The nights are long in Puerto Rico these days. On hot nights, my wife, Nieves, and I spend hours sitting in the patio, sometimes taking showers at 3 a.m. Cooler nights come with rainfall that worsens the still-roofless homes. Of course, there’s still no electricity. A month later, Hurricane Maria is still with us.
We are holding out in our empty nest (our two daughters live in the States). Easy to say, perhaps: Our middle-class San Juan suburb did not feel the worst of the hurricane, and our flat-roofed house collects rain water easily. Except for piles of debris awaiting pickup, our neighborhood looks pretty normal. For now, I am lucky to have my university salary, and classes are set to resume soon.
On days I can get my laptop charged, I do some work at night. I’m reading histories of hurricanes and trying to write something about these juggernauts “that seem to announce the last convulsions of the universe,” as an 18th-century friar described major hurricanes such as Maria.
I’m told that the news coverage of Puerto Rico shows devastation and astonishing, heart-rending images from around the island. Puerto Rico finally makes big news — bigger even than our debt crisis — and most of us saw almost none of it.
This has been hard to take in a home where the 6:30 p.m. news is a daily ritual, not to mention “The Late Show With Stephen Colbert” and “Saturday Night Live.” Even the local newspapers shut down for several days after the storm. In the past week, cellphone service has been improving, but reception is still spotty and slow even in San Juan. And I refuse to line up on an expressway bridge to catch a signal, as many continue to do.
Puerto Rico used to glow in satellite photos, but it won’t have electricity for months. That’s how long it will take to replace the thousands of utility poles and miles of power lines that crisscrossed this precariously modern island. The gasoline lines are shorter, but one month after Hurricane Maria, one-quarter of Puerto Rico still doesn’t have clean drinking water, including many who haven’t had it since Hurricane Irma.
Supermarket food shelves are still unevenly stocked, especially outside the San Juan metro area. A complex distribution snafu persists, on account of low pre-existing inventories, FEMA operations, and difficulties in communications and transportation. There are many communities in the highlands that have been isolated by fallen bridges, impassable roads and landslides. Above all, they are the ones that need food and water.
The island government initially portrayed its response as organized, but it has been overwhelmed by the tasks of post-hurricane recovery. Information is opaque, slow to emerge and often contradictory. Key officials such as the head of emergency management, the police superintendent and the adjutant general of the National Guard are virtually missing in action; for weeks, the health secretary was so elusive it became a running joke on the radio.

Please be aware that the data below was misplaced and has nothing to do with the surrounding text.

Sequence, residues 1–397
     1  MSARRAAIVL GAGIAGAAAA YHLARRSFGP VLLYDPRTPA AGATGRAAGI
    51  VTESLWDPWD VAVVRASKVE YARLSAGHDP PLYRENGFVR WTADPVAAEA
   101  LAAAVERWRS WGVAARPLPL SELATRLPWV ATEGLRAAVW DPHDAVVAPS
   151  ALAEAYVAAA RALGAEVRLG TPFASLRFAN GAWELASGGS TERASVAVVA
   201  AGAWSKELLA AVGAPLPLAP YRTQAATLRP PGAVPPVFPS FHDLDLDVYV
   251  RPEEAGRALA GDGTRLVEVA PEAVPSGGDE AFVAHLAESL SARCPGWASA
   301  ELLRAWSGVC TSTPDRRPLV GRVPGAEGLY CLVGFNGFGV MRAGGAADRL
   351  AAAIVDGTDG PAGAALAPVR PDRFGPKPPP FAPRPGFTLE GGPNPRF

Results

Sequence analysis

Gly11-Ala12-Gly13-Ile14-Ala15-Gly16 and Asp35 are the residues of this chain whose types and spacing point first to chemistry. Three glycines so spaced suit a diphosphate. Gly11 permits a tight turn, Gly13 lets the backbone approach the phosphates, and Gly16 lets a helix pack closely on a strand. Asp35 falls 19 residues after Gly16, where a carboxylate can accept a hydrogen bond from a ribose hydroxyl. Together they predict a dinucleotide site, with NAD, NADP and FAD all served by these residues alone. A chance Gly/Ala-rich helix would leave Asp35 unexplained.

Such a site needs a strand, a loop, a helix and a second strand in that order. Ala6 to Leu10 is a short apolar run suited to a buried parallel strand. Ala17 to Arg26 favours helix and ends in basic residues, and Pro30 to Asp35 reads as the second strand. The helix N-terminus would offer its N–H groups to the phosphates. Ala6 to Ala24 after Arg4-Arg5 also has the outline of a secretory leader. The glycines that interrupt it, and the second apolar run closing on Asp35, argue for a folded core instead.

FEMA and the Army Corps of Engineers, despite major funding and overall good will, seem somewhat detached from the island’s reality. And the nearly $5 billion loan requested for the island is generous but will essentially only salvage the government’s liquidity until January or so.
And so it goes. Even with growing access to news coverage, we remain in the dark.
At home, we are getting by, so to speak. Days after Hurricane Maria, my wife woke up thinking this is perhaps a nightmare. I try to assume our new reality with a kind of mindless optimism — a self-reliant Puerto Rico is being born! Or not. Perhaps an unplugged Puerto Rico for months on end may really be a nightmare.
Puerto Rico was hit by natural disaster on top of fiscal disaster on top of our secular disaster of being neither fish nor fowl: voteless United States citizens, most of whom pay no federal income tax; political and fiscal oddities. Second-class citizens with a second-class disaster. At best, we’re seen as American citizens but not as Americans. Which, truth be told, doesn’t make me lose any sleep; what I am is Puerto Rican. In any case, as a territory, and for better or for worse, the Constitution places Puerto Rico under the responsibility of Congress. Maybe invading us in 1898 wasn’t such a great idea.
We’re facing months of daily inconveniences and nightly darkness. But we’re dealing with it, with whatever outside help we can muster. Once again we have to come to terms with being one of the Caribbean peoples on the hurricane highway, who, through slavery, colonialism and hurricanes, invented resilience.
Juan Giusti-Cordero is a professor of Caribbean history at the University of Puerto Rico, Rio Piedras.